The Paragon Interchange railway station - which delivers some 24,000 people to St Stephens' door each day - is at the heart of this ambitious regeneration plan. On Hull's waterfront, meanwhile, the Humber Quays complex is now home to The Royal Bank of Scotland, PricewaterhouseCoopers and World Trade Centre Hull & Humber.Work on Humber Quays Phase Two, featuring more office space, a hotel and restaurants, will start in the autumn; and the Fruit Market area adjacent to the Marina is being redeveloped and turned into Hull's very own version of Covent Garden.

There's more. In 2009, John Godber will have a brand new, purpose-built home for his acclaimed Hull Truck Theatre. Even Hull Council was assessed by the Audit Commission recently and dubbed an authority which is 'improving well'.

There's also an enthusiastic creative vibe in Hull. For Artlink's Vickie Bissett, that's great news. 'Hull has always been very open to include the creative sector and arts community in its plans,' she says. 'It's certainly a positive thing as far as I'm concerned.'

Artlink, which was established in 1982, moved into a new building a year ago, with a gallery space and workshop studio - and it continues to develop and deliver an increasingly wide range of successful art projects in consultation with the community.

A registered charity, it can be found in an area saturated with newfound caf culture. But we address the balance,' says Vickie, 'so the area isn't all about nightlife.We bring some day activity to our surroundings and offer people the chance to get involved in family-orientated arts projects.'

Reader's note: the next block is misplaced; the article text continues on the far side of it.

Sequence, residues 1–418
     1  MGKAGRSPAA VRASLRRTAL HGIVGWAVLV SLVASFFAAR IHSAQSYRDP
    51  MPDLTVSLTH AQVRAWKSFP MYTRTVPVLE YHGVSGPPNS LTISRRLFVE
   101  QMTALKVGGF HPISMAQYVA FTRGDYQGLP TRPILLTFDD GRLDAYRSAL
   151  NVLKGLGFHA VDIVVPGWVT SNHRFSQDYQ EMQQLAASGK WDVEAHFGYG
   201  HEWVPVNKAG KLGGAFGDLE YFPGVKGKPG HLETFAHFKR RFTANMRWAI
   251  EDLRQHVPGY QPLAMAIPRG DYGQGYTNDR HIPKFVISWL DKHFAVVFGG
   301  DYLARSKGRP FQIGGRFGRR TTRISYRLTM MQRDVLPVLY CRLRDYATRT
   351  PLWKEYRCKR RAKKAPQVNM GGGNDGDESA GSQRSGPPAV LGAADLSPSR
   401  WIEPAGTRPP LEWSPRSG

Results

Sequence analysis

Maybe the roots of this optimistic attitude in Hull can be traced back to the opening of The Deep, the award-winning aquarium which opened in 2002. Since its launch, two million visitors, from the UK and abroad, have been through The Deep's doors. The Princes Quay shopping centre, on Princes Dock, is also an attractive magnet for shoppers, with big high street names next to cafes and restaurants. House prices seem to be stable at present.

'Hull's a fantastic place to invest,' says Richard, 'because you can get a lot more for your money.' So there, Phil and Kirsty. Richard doesn't agree with the duo's assertion that Hull is 'isolated', either. But come on, we say. It is at the end of the M62 and a good distance from anywhere else.

'Um, well it is in a way,' says Richard. 'But there are great transport links to and from Hull. The M62 and A63 are close by.' In the floods of 2007, Hull became 'the forgotten city'. Sheffield and Leeds had suffered devastating flood damage, but noone noticed that large parts of Hull had been washed away too.

'If this was anywhere else it would have been declared a national disaster,' said council leader Carl Minns. 'We need to get the message out to the government and to the people of this country how hard Hull has been affected.' The spotlight was turned on Hull eventually, but only, says Richard, after the city complained that nothing was being done.

'Perhaps we haven't done as much jumping up and down as we should have done in the past,' he says. 'But now we've got a really good story to jump up and down about. It'll be nice to get attention for the right reasons for a change.